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Shanghai's Delicious Import: Soup Dumplings

Danielle Tarasiuk |
November 4, 2013 | 8:19 p.m. PST

Senior Reporter

(Soup Dumplings/ Creative Commons)
(Soup Dumplings/ Creative Commons)
Until recently, Angelenos had to brave traffic into the San Gabriel Valley to satisfy their craving for xiaolongbao (shao-long-bao), a soup dumpling from Shanghai. The delectable item—a doughy wrapper holds a hot, fatty broth in which floats a ball of meat—were virtually unknown outside of L.A.’s large Chinese community.

Then ROC Kitchen opened a year ago in West L.A.’s Little Osaka neighborhood, serving more than ten different kinds of soup dumplings and making it the only restaurant west of the 10 freeway to serve xiaolongbao.

In the months since people have packed the modern space nightly to get a sampling. Now the popular Taiwanese chain Din Tai Fung is adding an outlet at The Americana at Brand in Glendale. A 30-year-old Arcadia location already attracts patrons from all over Los Angeles, who wait an average of an hour and half on weekends for a taste of these savory dumplings. But Din Tai Fung owner Joanne Yang wanted to shorten the commute for its fans. “We have a lot of loyal customers from the Westside,” says Yang. “We are expanding our service for them, so they don’t have to make the long drive.”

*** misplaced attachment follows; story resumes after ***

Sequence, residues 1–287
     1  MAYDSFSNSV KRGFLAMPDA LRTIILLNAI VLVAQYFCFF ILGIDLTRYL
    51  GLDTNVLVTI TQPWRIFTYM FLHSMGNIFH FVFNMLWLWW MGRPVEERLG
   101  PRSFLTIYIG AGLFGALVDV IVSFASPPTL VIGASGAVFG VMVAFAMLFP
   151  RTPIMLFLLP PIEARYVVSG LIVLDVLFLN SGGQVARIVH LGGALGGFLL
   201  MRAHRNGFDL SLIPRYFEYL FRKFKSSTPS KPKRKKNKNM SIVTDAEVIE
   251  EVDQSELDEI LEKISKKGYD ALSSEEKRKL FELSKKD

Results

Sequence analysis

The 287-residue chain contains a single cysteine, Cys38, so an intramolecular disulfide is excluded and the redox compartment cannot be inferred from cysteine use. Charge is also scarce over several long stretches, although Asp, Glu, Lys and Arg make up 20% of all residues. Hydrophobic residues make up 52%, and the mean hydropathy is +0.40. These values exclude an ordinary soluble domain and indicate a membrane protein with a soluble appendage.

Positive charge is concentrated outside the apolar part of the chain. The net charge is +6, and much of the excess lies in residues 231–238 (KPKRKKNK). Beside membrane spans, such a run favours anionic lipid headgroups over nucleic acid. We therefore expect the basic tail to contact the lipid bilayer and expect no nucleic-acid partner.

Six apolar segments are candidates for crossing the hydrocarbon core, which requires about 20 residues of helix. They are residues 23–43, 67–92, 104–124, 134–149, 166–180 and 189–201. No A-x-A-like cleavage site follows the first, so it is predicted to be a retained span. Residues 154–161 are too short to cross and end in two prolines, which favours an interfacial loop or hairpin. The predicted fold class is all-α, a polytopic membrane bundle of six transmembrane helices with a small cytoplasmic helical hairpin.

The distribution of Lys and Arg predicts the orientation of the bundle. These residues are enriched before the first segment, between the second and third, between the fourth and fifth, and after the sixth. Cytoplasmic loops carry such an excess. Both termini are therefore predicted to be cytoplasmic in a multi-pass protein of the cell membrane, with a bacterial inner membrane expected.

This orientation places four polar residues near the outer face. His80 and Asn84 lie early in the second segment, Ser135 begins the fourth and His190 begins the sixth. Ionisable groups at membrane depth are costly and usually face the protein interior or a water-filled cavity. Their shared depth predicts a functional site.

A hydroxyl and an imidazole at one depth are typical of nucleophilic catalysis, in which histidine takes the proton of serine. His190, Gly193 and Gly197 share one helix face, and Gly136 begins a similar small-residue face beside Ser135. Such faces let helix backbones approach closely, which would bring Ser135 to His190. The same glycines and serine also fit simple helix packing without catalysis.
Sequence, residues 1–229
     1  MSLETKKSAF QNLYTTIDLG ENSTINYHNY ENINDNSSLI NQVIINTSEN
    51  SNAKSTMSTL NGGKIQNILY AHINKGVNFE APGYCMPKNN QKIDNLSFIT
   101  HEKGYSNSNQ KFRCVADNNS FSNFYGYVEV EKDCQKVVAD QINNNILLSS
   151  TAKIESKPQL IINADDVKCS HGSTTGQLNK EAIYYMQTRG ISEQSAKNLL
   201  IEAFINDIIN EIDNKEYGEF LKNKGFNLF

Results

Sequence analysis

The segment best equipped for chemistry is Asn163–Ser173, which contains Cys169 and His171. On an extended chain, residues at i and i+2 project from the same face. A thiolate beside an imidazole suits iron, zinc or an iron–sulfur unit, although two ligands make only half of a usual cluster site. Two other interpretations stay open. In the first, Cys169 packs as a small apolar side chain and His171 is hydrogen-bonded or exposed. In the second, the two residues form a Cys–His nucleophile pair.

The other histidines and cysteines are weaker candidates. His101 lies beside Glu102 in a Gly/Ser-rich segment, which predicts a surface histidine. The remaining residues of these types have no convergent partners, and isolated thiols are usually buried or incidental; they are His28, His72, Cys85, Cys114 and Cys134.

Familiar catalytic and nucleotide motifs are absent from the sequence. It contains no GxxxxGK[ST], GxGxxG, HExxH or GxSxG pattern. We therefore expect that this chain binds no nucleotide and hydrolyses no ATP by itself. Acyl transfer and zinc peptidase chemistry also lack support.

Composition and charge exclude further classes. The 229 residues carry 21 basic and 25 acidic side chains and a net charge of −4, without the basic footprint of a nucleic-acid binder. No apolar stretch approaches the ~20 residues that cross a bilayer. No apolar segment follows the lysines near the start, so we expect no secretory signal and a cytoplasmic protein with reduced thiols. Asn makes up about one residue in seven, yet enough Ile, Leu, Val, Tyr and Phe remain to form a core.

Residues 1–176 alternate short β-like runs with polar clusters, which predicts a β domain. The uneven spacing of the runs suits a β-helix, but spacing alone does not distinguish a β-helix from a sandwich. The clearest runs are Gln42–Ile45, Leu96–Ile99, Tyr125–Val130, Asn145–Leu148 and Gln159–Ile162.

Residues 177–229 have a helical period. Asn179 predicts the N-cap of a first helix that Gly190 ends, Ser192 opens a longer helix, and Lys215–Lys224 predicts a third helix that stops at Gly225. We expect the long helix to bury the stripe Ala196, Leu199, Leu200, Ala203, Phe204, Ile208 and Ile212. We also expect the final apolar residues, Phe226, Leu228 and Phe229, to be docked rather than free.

Eating the savory soup dumplings is almost as complicated as making them. First, gently plop the dumpling on a flat spoon, then take a small bite out of its side. After the steam blows out from inside, a loud, obnoxious slurp is not just acceptable, but welcome. Often, a tangy vinegar sauce is also served with the dish.

“Xialongbao is a special item, it needs a lot of skill to make it,” says Yang. “You have to take a lot of time to train the chief how to make them.”

Watch how to eat soup dumplings: 

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